A mock crime scene was set up at Sydney's Bondi Beach on Sunday to warn of the dangers of tanning.
Sunbathers at the iconic beach were greeted by 1,700 beach towels arranged on the sand, each emblazoned with a chalk outline.
The Cancer Council says every towel represents one of the 1,700 Australians who die of skin cancer every year.
A survey from the council suggests that 43 per cent of teenagers believe a tan looks healthy while one in four get burnt on a typical weekend in summer.
Seventy-one per cent of survey respondents said their friends thought "a suntan was a good thing".
More than a third of young people don't wear sunscreen in the hottest part of the day, the survey found.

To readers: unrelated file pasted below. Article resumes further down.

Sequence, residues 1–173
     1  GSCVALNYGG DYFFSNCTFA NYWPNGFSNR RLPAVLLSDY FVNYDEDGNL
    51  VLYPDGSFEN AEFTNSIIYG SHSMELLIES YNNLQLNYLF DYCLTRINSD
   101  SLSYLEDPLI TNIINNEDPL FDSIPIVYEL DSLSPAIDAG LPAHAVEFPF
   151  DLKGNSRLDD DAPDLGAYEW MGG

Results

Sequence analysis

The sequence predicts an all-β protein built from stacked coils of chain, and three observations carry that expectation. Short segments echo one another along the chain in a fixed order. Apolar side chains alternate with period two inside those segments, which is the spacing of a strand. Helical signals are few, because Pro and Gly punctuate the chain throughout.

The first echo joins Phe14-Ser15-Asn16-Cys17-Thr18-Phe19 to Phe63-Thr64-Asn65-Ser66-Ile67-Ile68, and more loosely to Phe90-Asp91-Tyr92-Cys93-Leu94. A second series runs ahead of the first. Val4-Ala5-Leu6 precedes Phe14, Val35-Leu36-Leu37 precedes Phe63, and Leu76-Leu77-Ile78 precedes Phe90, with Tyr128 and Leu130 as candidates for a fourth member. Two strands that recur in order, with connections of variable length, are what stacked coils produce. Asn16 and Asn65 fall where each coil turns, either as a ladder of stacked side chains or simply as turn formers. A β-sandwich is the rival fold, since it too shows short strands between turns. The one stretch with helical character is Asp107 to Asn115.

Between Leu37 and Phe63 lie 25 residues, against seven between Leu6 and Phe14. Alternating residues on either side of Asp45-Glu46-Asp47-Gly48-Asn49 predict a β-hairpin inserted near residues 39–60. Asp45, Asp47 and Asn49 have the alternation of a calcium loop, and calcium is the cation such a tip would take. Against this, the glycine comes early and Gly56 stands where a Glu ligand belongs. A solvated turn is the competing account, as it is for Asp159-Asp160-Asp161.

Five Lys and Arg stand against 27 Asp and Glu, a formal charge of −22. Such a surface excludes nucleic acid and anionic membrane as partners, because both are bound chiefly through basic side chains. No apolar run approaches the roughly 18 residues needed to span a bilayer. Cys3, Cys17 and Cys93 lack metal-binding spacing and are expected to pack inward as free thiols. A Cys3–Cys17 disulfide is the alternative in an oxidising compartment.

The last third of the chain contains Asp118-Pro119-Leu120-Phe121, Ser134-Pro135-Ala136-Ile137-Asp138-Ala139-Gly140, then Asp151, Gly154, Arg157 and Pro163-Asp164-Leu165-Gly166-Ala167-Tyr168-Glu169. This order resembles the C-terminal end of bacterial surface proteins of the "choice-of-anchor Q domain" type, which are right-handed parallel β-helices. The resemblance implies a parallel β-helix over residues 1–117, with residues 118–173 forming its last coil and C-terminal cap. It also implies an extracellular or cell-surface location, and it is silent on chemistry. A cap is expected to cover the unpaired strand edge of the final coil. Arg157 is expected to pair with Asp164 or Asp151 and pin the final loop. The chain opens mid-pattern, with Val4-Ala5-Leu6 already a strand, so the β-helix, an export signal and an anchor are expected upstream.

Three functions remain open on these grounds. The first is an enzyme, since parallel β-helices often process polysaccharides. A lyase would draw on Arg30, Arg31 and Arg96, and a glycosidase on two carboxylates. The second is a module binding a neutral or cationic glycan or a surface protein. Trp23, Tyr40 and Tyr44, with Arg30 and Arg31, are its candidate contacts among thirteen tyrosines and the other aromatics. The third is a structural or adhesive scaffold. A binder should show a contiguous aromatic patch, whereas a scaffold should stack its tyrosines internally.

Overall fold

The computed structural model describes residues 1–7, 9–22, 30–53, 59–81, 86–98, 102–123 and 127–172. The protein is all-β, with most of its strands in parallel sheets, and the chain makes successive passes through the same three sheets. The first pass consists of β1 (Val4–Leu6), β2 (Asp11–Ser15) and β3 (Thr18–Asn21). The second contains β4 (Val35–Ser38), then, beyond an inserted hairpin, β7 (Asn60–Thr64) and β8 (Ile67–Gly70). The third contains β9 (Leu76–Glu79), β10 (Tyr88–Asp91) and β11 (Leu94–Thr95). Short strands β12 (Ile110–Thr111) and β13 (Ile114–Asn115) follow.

A television advertising campaign will begin this week, aimed at changing the attitudes of young people.
Cancer Council CEO Ian Olver said radical measures were needed to warn of the risks of melanoma.
"More needs to be done to educate younger Australians about the dangers of getting sunburnt," Professor Olver said.
"We hope this campaign will help get the message to sink in that a tan just isn't worth the risk."
Melanoma is the second most common cancer in 15-19 year olds, and the most common cancer in people aged 20-29, the council's figures show.
Two in three Australians will be diagnosed with skin cancer before the age of 70.
Skin Cancer Action Week runs from November 15 to 21. (Credit: Fairfax, Wires, Google News, AAP)
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